As the twilight shadows deepened the lamps were lighted, and the boat was brilliantly illuminated; as it lay in the river, decked with many-colored lights, it looked like an enchanted floating palace. A military band was on board, and as the hours lengthened into night it discoursed sweet music. Many officers came on board to say good-by, and the scene was a brilliant one indeed. About 10 o’clock Mr. Lincoln was called upon to make a speech. Rising to his feet, he said:
“You must excuse me, ladies and gentlemen. I am too tired to speak to-night. On next Tuesday night I make a speech in Washington, at which time you will learn all I have to say. And now, by way of parting from the brave soldiers of our gallant army, I call upon the band to play Dixie. It has always been a favorite of mine, and since we have captured it, we have a perfect right to enjoy it.” On taking his seat the band at once struck up with Dixie, that sweet, inspiring air ; and when the music died away, there were clapping of hands and other manifestations of applause.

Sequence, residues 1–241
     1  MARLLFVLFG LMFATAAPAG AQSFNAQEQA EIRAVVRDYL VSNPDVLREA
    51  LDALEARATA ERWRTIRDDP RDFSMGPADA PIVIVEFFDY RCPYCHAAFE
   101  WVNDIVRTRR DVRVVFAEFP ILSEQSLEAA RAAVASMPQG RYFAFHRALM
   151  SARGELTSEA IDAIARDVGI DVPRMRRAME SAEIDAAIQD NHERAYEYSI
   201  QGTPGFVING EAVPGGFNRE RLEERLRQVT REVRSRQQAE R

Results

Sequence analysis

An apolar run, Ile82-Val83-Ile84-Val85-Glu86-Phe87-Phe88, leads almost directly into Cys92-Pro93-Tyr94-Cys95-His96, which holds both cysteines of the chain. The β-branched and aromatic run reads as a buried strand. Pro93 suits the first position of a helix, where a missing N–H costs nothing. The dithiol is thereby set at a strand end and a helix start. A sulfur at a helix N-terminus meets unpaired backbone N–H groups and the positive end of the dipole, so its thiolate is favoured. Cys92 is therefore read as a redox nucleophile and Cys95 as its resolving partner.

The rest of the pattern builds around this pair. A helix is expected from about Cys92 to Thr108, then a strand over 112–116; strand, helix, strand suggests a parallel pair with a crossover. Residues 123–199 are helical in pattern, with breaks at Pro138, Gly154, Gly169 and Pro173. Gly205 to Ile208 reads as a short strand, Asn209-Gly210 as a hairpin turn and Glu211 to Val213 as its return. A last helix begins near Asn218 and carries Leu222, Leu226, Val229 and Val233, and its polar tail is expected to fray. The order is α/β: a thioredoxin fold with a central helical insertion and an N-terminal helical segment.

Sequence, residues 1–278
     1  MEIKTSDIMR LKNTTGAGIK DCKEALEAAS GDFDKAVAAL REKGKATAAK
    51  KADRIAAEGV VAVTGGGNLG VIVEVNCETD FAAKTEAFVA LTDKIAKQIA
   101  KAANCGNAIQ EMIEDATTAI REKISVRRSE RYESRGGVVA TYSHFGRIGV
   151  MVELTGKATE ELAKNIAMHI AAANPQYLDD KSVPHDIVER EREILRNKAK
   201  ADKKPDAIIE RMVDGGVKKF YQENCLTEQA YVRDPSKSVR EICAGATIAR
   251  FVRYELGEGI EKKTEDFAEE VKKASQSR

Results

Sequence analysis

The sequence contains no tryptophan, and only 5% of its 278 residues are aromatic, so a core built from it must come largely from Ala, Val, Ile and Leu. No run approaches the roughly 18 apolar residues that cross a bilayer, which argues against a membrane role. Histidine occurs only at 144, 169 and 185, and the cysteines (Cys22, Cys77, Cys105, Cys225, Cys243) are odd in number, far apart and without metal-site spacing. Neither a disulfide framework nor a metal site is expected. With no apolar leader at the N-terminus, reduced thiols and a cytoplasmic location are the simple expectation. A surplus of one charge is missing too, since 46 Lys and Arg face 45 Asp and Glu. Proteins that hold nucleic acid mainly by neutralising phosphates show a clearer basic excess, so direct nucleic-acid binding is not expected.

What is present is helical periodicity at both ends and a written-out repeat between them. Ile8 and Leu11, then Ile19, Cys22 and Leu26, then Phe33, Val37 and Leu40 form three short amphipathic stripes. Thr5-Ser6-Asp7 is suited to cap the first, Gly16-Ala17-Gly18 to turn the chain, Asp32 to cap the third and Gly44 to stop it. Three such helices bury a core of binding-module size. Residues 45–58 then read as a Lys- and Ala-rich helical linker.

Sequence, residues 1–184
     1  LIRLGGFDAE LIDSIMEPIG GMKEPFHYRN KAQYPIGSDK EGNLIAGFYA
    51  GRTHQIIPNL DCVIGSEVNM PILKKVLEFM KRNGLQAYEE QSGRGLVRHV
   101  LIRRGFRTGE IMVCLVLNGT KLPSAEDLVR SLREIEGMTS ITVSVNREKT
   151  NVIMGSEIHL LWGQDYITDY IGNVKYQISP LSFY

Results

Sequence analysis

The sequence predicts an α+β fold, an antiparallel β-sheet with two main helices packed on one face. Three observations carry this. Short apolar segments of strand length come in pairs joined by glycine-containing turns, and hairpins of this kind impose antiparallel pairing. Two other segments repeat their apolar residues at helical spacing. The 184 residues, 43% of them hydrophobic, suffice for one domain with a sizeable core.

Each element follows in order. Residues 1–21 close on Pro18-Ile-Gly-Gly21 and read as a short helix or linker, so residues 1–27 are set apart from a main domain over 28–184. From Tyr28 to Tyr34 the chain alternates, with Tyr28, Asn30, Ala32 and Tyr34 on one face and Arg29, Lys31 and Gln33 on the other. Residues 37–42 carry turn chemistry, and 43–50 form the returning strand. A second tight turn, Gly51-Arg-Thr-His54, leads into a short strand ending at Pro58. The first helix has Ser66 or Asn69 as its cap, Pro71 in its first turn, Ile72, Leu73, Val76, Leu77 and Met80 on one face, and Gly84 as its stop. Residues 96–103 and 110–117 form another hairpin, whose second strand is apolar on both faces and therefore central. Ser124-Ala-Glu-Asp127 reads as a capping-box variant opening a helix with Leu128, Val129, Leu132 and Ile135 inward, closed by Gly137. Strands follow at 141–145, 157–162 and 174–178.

At 11 o’clock the last good-by was spoken, the lights were taken down, the River Queen rounded out into the water and we were on our way back to Washington. We arrived at the Capital at 6 o’clock on Sunday evening, where the party separated, each going to his and her own home. This was one of the most delightful trips of my life, and I always revert to it with feelings of genuine pleasure.